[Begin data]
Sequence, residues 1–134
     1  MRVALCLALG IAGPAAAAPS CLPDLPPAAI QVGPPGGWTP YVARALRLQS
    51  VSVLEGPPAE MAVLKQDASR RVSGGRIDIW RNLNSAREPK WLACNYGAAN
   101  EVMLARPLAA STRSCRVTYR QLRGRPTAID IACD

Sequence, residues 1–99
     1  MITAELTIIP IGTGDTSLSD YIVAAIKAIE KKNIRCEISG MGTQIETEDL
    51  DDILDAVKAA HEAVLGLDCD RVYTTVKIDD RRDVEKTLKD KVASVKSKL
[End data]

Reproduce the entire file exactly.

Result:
Sequence, residues 1–134
     1  MRVALCLALG IAGPAAAAPS CLPDLPPAAI QVGPPGGWTP YVARALRLQS
    51  VSVLEGPPAE MAVLKQDASR RVSGGRIDIW RNLNSAREPK WLACNYGAAN
   101  EVMLARPLAA STRSCRVTYR QLRGRPTAID IACD

Sequence, residues 1–99
     1  MITAELTIIP IGTGDTSLSD YIVAAIKAIE KKNIRCEISG MGTQIETEDL
    51  DDILDAVKAA HEAVLGLDCD RVYTTVKIDD RRDVEKTLKD KVASVKSKL